We aimed to evaluate IDO expression in two well defined human phenotypes: controls and their atopic counter-parts. Skin prick tests (SPT) were performed on all study subjects to confirm diagnosis. The control and atopic groups did not differ in terms of patient number, age, sex, peripheral blood eosinophils, percentage of peripheral blood eosinophils. (p > 0,05 Kruskal-Wallis, Mann Whitney U) In comparison to controls, atopics had significantly higher serum IgE levels as well as significantly higher IgE levels against allergens to which the subjects were allergic. Atopics and controls differed in their symptom score only during the spring (in season, natural allergen exposure). Surprisingly, there were no differences between inflammation score, leukocyte numbers, percentages of eosinophils, IDO+ in epithelial cells and leucocytes during winter (off season) and spring. Atopics had a higher number of eosinophils during spring only.
We observed that in the nasal cavity, expression of IDO was low and did not differ between atopic and non-atopic groups. Moreover IDO expression did not fluctuate in the same individuals between symptomatic spring and asymptomatic winter season. We have also previously shown that the role of the nasal epithelium in birch pollen atopy is important . In contrast others have shown that IDO might have a role in atopy. Paveglio et al. very recently showed in a transgenic mouse model that over-expression of IDO in the lungs might cause an anti-asthmatic effect by diminishing proliferation, numbers and cytokine production of CD4 + T cells . Others have also previously shown that after in vivo aeroallergen exposure, serum IDO activity was increased in asymptomatic atopics compared with either symptomatic atopic or non-atopic individuals . When exposing in vitro monocyte-derived dendritic cells with house dust mite Dermatophagoides pteronyssinus 1, functionally active IDO decreased in cells from patients with house dust mite-sensitive asthma compared to non-atopic asthmatics . In asthmatic patients, the baseline IDO activity in sputum has been shown to be significantly lower than control levels, but normal baseline activity in asthmatic patients could be induced by using inhaled corticosteroids . We have previously demonstrated that a high expression of epithelial and leukocyte IDO is associated with chronic rhinosinusitis with nasal polyps, while the expression in chronic rhinosinusitis without nasal polyps remained at the control level . Thus in the upper airways, in contrast to lower airways, it seems that IDO might have a role in the nasal polyp pathomechanisms instead of atopy. Yet, more studies are required to bring evidence on this.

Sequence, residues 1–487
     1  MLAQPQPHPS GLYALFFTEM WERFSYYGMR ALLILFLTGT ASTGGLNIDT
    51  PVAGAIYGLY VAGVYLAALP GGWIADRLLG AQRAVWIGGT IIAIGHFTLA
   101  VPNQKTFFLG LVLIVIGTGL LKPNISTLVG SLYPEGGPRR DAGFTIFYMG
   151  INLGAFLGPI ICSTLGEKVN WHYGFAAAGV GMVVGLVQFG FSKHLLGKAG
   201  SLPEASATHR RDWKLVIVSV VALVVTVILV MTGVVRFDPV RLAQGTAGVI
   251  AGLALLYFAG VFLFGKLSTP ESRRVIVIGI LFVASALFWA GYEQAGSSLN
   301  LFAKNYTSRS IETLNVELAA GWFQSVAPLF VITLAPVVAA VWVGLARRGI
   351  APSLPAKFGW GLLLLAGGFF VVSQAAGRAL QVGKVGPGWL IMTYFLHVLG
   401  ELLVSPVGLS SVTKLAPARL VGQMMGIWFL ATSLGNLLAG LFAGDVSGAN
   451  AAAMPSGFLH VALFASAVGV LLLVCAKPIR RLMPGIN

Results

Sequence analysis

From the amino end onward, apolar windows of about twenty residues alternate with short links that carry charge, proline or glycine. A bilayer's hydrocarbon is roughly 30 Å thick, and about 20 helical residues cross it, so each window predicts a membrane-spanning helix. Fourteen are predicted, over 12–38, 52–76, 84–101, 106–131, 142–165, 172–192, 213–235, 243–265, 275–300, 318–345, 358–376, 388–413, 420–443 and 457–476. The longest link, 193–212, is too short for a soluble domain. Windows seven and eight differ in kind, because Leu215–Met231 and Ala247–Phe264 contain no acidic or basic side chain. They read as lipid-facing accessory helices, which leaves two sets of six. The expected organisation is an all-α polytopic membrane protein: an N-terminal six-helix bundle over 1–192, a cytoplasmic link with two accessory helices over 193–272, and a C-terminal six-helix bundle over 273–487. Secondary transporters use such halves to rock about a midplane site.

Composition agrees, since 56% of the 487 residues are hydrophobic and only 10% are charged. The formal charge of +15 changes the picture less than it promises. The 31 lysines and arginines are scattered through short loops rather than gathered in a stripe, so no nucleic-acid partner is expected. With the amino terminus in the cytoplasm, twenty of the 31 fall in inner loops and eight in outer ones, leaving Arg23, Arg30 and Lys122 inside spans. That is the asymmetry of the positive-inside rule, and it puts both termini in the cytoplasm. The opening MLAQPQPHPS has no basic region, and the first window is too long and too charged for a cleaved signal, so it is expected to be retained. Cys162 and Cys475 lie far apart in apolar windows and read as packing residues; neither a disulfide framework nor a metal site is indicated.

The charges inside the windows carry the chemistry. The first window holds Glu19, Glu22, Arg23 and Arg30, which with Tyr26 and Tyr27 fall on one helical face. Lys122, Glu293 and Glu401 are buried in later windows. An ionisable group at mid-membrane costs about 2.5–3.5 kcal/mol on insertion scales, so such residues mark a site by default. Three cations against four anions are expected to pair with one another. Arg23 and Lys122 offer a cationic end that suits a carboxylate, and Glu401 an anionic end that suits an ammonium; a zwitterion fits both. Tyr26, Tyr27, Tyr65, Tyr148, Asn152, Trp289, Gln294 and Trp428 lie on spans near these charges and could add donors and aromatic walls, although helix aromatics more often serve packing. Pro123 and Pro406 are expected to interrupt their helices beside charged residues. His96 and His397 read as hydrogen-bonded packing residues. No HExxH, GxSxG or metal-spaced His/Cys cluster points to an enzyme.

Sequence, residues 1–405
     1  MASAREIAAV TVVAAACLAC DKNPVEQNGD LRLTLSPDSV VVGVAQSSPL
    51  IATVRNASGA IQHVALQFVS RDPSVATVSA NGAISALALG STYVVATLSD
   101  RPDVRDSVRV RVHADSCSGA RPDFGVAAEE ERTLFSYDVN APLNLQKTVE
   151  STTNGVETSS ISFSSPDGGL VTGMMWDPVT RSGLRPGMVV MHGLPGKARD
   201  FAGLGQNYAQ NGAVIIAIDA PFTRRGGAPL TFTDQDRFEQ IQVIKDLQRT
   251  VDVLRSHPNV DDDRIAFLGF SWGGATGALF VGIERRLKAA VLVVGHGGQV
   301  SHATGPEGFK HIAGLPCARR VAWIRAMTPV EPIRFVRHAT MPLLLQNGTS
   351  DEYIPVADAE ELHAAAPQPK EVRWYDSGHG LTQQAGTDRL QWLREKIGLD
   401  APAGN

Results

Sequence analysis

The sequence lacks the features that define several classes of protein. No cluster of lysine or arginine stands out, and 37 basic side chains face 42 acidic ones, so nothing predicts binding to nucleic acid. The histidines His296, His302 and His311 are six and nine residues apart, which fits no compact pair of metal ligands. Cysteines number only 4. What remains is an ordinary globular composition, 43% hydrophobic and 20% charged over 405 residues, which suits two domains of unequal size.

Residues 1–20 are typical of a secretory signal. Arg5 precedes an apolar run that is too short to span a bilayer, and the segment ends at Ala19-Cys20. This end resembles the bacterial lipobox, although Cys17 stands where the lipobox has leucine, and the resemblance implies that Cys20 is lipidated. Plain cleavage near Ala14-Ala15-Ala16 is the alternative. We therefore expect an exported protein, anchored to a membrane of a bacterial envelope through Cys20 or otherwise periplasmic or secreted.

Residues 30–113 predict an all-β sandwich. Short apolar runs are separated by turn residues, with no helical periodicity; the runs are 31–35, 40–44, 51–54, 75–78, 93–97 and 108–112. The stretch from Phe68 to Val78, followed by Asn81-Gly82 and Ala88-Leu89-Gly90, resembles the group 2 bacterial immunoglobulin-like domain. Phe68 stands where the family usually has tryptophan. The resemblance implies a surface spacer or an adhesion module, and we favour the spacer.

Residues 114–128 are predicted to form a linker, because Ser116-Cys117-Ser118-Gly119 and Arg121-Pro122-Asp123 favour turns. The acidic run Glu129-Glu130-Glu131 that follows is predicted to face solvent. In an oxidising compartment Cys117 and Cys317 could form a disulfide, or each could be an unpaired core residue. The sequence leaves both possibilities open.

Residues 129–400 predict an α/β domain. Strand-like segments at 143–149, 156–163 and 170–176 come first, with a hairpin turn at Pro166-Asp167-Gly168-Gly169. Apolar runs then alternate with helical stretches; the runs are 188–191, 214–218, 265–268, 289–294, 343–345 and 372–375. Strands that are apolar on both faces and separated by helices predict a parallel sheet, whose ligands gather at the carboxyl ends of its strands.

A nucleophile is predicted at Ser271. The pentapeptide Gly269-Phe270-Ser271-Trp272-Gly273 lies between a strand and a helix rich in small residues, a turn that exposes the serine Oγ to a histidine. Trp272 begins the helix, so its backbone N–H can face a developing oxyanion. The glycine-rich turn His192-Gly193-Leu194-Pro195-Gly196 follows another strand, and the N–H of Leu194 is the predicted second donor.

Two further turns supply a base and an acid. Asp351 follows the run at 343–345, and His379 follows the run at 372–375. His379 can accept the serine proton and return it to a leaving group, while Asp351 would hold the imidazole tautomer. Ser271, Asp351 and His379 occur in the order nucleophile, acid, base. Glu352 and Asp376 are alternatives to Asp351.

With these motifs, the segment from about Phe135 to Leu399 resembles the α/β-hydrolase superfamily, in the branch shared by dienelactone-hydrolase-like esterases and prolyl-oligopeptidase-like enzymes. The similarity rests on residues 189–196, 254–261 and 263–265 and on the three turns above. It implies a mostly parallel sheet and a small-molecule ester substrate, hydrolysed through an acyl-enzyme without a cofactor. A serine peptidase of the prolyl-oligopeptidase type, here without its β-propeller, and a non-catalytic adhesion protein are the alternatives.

The expression of IDO differs between tissues . Recently, two isoforms of IDO have been studied, IDO1 and IDO2. The expression and activity of both isoform differs in different tissues and in same cell cultures . Both isoforms therefore might differ somehow in their roles [26, 27]. Having this in mind, it could be possible that the anti-IDO mAb we used could be specific only for the IDO1 isotope . Also, in some tissues IDO expression does not correlate with its activity. Indeed, elevated expression of IDO can translate into little activity or no activity at all . Even though high levels of IDO expression can be measured, this does not necessarily translate into activity measured by ratio of tryptophan over kynurenine.
Both atopic asthma and atopic rhinitis are complex diseases with different phenotypes and genetic backgrounds. Currently it is thought that patients with certain (epi)genetic elements are prone to have immunological dysfunctions of respiratory barriers putatively by stimulation by certain environmental interactions . Thus, our findings suggest that adult patients with only birch pollen AR but not asthma symptoms do not have local IDO. In the future, it would be of interest to observe whether immunological factors differ in patients having only the AR phenotype compared to those with the AR and asthma phenotype .